According to the present invention, there is provided a method for depositing a polymeric material onto a substrate, said method comprising introducing an monomeric material in a gaseous state into a plasma deposition chamber, igniting a glow discharge within said chamber, and applying a voltage as a pulsed field, at a power of from 0.001 to 500w/m3 for a sufficient period of time to allow a polymeric layer to form on the surface of the substrate.
As used herein, the expression "in a gaseous state" refers to gases or vapours, either alone or in mixture, as well as aerosols.
These conditions are particularly suitable for depositing good quality oil and water repellent surfaces of uniform thickness, in large chambers, for example in chambers where the plasma zone has a volume of greater than 500cm3, for instance 0.5m3 or more, such as from 0.5m3-10m3 and suitably at about 1m3. The layers formed in this way have good mechanical strength and remain substantially in place, through a conventional washing process.
The power levels, and particularly the power densities, that give the best results are lower than those conventionally used in this type of process. This is quite unexpected. In particular the power is applied at from 0.001 to 100w/m3, suitably from 0.01 to 10w/m3.
The dimensions of the chamber will be selected so as to accommodate the particular substrate being treated, but in general will be of a reasonably large size, to accommodate plasma zones having the volumes described above. For instance, generally cuboid chambers may be suitable for a wide range of applications, but if necessary, elongate or rectangular chambers may be constructed, for example where the substrates are generally of this profile, such as wood, rolls of fabric etc.
Sheet materials can be processed using a "roll to roll"
The chamber may be a sealable container, to allow for batch processes, or it may comprise inlets and outlets for substrates, to allow it to be utilised in a continuous process. In particular in the latter case, the pressure conditions necessary for creating a plasma discharge within the chamber are maintained using high volume pumps, as is conventional for example in a device with a "whistling leak".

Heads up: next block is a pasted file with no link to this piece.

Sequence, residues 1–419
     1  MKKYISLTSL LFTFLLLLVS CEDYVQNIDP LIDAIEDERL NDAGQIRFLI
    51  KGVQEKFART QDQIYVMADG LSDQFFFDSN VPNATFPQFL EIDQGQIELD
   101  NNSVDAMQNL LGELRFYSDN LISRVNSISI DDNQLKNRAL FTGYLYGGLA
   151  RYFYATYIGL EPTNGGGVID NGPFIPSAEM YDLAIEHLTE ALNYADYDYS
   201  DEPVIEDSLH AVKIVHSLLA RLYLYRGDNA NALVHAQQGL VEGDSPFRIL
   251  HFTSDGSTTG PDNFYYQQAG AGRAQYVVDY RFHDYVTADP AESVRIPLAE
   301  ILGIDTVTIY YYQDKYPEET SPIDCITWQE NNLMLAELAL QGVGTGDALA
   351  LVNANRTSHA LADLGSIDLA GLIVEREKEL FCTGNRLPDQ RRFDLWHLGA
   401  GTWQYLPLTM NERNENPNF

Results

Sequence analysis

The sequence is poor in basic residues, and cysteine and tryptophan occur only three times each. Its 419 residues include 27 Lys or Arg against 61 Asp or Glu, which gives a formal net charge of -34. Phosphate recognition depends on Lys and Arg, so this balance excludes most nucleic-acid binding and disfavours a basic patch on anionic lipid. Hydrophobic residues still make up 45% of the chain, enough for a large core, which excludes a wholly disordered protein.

In particular, the monomeric material is a material as described in W098/58117. Specifically, it comprises an organic compound, which comprises a chain of carbon atoms, at least some of which are preferably substituted by halogen.
In particular, the compounds are unsaturated and so contain at least one double bond or triple bond that is capable of reacting to form a polymeric compound. Preferably the compounds contain at least one double bond.
By "chain" is meant that the carbon atoms form straight or branched chains. Suitably, the chains are not cyclic. The compounds used in the method of the invention include at least one such chain. Suitable chains have from 3 to 20 carbon atoms, more suitably from 6 to 12 carbon atoms Monomeric compounds used in the method may include a double or triple bond within a chain and so comprise an alkene or alkyne respectively. Alternatively, the compounds may comprise an alkyl chain, optionally substituted by halogen, as a substituent which is attached to an unsaturated moiety either directly or by way of an functional group, such as a ester or sulphonamide group.
As used therein the term "halo" or "halogen" refers to fluorine, chlorine, bromine and iodine. Particularly preferred halo groups are fluoro. The term "aryl" refers to aromatic cyclic groups such as phenyl or napthyl, in particular phenyl. The term "alkyl" refers to straight or branched chains of carbon atoms, suitably of up to 20 carbon atoms in length. The term "alkenyl" refers to straight or branched unsaturated chains suitably having from 2 to 20 carbon atoms.